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Up Front

A Recessionary Mirror Across the Pond

Alan Berube

Having spent a good deal of our time examining the path of the downturn and recovery within America’s own metropolitan areas, it’s great to see other organizations doing the same–and doing it with cool technology. In that vein, be sure to check out City Tracker, a new website from the U.K.’s Centre for Cities, which provides interactive maps, tables, and charts showing how that country’s major urban areas (more akin to our wider metropolitan areas than our central cities) have performed economically over the last 20 months.

So who’s up, and who’s down? Like in the United States, everywhere appears to have suffered to some extent, and there’s quite a bit of variation in performance. As per usual, there’s something of a North-South divide. Most of the better-off places on the map lie in England’s Southeast and Southwest regions, including cities with educational and professional services specializations like Cambridge, Oxford, and Bristol. Like New York, London has been affected by the heavy toll on the financial sector, but its sheer size and diversity have shielded it from more severe economic impacts.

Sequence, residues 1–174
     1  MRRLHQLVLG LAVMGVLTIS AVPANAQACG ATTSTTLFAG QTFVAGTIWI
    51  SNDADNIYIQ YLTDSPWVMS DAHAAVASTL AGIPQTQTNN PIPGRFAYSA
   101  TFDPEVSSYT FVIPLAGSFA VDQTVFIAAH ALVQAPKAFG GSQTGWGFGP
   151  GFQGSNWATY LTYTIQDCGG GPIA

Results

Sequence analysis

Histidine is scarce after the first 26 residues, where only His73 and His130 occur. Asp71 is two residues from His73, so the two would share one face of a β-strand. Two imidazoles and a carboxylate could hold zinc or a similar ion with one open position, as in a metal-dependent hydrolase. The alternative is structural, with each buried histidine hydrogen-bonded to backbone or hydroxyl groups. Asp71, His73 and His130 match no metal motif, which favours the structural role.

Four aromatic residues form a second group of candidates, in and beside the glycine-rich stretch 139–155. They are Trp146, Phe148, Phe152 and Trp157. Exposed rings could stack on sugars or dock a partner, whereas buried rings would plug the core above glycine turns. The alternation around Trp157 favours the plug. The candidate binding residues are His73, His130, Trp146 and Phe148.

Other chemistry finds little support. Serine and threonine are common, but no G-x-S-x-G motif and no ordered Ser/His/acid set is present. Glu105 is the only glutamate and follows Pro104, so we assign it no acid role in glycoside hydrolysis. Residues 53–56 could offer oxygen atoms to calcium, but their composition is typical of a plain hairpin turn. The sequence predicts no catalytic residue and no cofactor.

In England’s northern regions, including the Northwest, Yorkshire and the Humber, and Midlands, medium-sized urban areas appear to have been hit especially hard. Cities like Bolton, Wigan, Rochdale, Hull, Leicester, and Middlesbrough all post high rates of joblessness and few vacancies per job seeker, as the recession has accelerated the longer-run decline of these once-mighty manufacturing centers. On the other hand, the very largest cities in the North, such as Manchester, Leeds, Sheffield, and Newcastle, have suffered, but not as greatly as their smaller, less diversified neighbors.

Overall, City Tracker provides a compelling illustration for the U.K. of what we’ve found to be true in the U.S. context during this recession–what a metro area did before the downturn has had a big impact on its performance during the downturn. But it also suggests that geography need not be destiny, if public policy plays an active role in facilitating the physical and economic transformation of large metropolitan centers. Across the Atlantic, then, may lie some lessons for American policymakers contemplating the uncertain future of our battered industrial Midwestern cities.

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